But one by one, others of us started to cross that line. Johnny, when his mother got sick; Miguel, when he lost his job and then his apartment; Sarah, after she miscarried. Everyone that crossed came back at first, like Jake. We tried harder to hide our confusion, our curiosity, our judgment, but still we watched as our numbers steadily dwindled.

And then, it was just me on the stoop, stupid and perfectly lost, like the last bird on the wire in October who finds itself surprised to be alone in the rain. But I didn't wallow in solitude long; with no anchor in that place, I soon abandoned it as well. As I wandered down the block on pavement polka-dotted with grime, I couldn't imagine where I could possibly go. I was untethered, my skin felt like paper, I was flimsy with a useless freedom.

With no real desires to guide me, I can't say it was a great shock when I found myself at the gate of the Center. An old woman, protest sign dragging on the sidewalk beside her, looked at me quietly behind wrinkled lids which sagged with the weight of her now-solo mission. She too was the last of her kind and when she recognized the same in me, she seemed to deflate altogether, like a whale on a forgotten beach. I looked right through her and took my first step within the perimeter, walking with false determination toward the green door. I paused briefly there before opening it.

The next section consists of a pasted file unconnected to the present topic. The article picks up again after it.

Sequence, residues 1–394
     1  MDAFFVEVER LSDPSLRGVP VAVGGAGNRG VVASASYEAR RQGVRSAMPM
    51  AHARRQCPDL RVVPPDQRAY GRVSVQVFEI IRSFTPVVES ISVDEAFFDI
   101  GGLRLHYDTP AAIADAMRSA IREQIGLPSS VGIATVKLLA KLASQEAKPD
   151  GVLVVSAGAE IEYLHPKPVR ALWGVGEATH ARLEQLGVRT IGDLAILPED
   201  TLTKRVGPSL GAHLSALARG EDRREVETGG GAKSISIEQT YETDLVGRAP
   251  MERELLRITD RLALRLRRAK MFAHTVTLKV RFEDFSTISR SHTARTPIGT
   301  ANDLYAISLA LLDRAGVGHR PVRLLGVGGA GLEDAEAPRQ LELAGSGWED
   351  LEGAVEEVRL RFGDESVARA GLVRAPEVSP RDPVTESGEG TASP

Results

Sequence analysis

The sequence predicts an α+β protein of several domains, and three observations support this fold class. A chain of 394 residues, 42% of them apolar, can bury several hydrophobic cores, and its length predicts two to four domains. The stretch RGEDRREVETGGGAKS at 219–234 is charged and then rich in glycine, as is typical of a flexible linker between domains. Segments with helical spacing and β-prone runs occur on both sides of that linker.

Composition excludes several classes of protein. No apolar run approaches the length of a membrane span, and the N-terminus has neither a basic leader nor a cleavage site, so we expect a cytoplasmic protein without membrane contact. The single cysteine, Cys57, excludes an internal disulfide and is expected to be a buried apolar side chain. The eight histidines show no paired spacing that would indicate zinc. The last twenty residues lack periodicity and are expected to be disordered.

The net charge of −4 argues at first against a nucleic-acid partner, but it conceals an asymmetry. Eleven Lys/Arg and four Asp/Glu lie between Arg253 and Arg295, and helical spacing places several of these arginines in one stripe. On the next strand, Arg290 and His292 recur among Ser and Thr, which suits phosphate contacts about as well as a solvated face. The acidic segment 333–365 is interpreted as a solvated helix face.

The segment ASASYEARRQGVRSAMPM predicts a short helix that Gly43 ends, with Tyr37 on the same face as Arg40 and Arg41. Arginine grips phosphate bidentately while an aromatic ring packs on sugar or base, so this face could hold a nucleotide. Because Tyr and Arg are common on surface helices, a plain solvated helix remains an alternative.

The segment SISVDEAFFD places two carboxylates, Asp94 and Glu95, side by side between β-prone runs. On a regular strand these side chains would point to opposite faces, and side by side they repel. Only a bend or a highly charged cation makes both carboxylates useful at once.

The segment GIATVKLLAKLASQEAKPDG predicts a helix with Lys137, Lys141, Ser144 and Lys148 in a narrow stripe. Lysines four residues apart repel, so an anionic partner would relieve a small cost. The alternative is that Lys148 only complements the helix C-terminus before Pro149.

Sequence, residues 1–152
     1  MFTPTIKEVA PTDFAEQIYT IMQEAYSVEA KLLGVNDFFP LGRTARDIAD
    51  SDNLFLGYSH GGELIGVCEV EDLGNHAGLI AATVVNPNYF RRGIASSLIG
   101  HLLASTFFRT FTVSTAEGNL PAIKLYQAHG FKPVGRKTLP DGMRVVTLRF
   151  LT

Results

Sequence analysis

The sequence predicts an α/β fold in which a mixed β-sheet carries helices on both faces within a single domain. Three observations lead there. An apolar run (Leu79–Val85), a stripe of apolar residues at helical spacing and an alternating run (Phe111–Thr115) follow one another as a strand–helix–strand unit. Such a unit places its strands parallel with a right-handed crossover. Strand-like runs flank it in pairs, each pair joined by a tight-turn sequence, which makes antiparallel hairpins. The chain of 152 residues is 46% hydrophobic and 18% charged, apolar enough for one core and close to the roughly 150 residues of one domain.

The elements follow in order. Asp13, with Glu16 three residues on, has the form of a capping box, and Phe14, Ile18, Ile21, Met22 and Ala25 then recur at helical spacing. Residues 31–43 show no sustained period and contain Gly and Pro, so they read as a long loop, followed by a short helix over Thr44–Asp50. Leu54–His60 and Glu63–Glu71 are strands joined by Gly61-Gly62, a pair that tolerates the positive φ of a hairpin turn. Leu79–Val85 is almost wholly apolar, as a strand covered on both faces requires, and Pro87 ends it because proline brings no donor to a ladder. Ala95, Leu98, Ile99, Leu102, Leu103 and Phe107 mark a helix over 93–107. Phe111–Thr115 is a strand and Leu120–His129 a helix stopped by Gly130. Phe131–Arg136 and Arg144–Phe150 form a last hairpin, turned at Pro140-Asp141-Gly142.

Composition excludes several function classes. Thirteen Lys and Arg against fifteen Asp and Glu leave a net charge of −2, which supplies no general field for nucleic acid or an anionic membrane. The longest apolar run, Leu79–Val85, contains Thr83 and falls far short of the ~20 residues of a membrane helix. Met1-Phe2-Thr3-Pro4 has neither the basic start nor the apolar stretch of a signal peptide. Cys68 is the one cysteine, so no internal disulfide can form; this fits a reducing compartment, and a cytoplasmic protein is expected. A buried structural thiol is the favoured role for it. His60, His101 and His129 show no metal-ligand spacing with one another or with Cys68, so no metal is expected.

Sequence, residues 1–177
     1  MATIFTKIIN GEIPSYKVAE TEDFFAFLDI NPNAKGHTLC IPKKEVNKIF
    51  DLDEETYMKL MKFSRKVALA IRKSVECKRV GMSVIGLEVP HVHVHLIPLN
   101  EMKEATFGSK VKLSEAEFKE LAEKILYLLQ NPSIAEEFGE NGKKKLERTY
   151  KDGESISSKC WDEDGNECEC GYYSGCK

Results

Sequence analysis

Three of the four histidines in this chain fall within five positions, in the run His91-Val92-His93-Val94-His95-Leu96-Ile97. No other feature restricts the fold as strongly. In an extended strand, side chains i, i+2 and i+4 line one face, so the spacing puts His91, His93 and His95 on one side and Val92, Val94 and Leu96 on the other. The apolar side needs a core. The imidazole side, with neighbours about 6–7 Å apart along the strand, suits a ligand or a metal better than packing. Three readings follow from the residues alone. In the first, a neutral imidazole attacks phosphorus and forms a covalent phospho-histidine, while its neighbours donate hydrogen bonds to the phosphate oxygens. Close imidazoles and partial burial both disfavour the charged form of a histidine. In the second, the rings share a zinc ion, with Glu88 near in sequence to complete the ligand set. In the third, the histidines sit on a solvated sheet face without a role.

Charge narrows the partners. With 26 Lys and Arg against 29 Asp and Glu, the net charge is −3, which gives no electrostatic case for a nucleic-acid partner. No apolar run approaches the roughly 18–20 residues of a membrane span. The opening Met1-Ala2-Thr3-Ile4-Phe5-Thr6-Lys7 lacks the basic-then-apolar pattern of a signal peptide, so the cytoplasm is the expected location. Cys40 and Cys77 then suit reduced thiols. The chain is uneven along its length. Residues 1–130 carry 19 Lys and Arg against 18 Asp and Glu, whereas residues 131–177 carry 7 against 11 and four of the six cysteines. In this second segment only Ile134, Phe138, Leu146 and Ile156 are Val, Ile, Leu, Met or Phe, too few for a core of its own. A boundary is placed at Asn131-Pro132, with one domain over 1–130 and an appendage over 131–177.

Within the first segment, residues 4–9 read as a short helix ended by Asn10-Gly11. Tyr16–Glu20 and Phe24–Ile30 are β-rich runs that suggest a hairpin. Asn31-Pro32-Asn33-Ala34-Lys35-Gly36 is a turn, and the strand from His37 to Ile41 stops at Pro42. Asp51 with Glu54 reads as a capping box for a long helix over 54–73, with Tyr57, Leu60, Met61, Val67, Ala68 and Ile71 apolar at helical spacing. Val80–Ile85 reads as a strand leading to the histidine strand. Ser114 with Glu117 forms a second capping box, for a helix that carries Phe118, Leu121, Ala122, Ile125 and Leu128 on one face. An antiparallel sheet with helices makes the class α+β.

Inside it was frigid, made more so by the stark white of the walls and the fluorescence above. Of course. This was not a place to get too comfortable. Slowly, I surveyed the others in the waiting room. I should not have been surprised to find it so crowded, but somehow I still was. I could guess no average age for those faces. There were unkempt men with slick scalps shining in the white light, there was a young woman softly crying into her paisley scarf; some of them looked homeless, many of them looked awkwardly normal, blank, and undisturbed. It could've been the waiting room of a dentist's office or the DMV. I recognized the floor; it was the same speckled charcoal linoleum from the old days of the fast-food place. An older woman in a low-cut dress sat at the check-in desk.

Um, I said.

First time? she said.


She smiled a little too kindly and handed me a clipboard.

We just needja to fill out these forms. Take ya time and bring 'em back here when ya ready.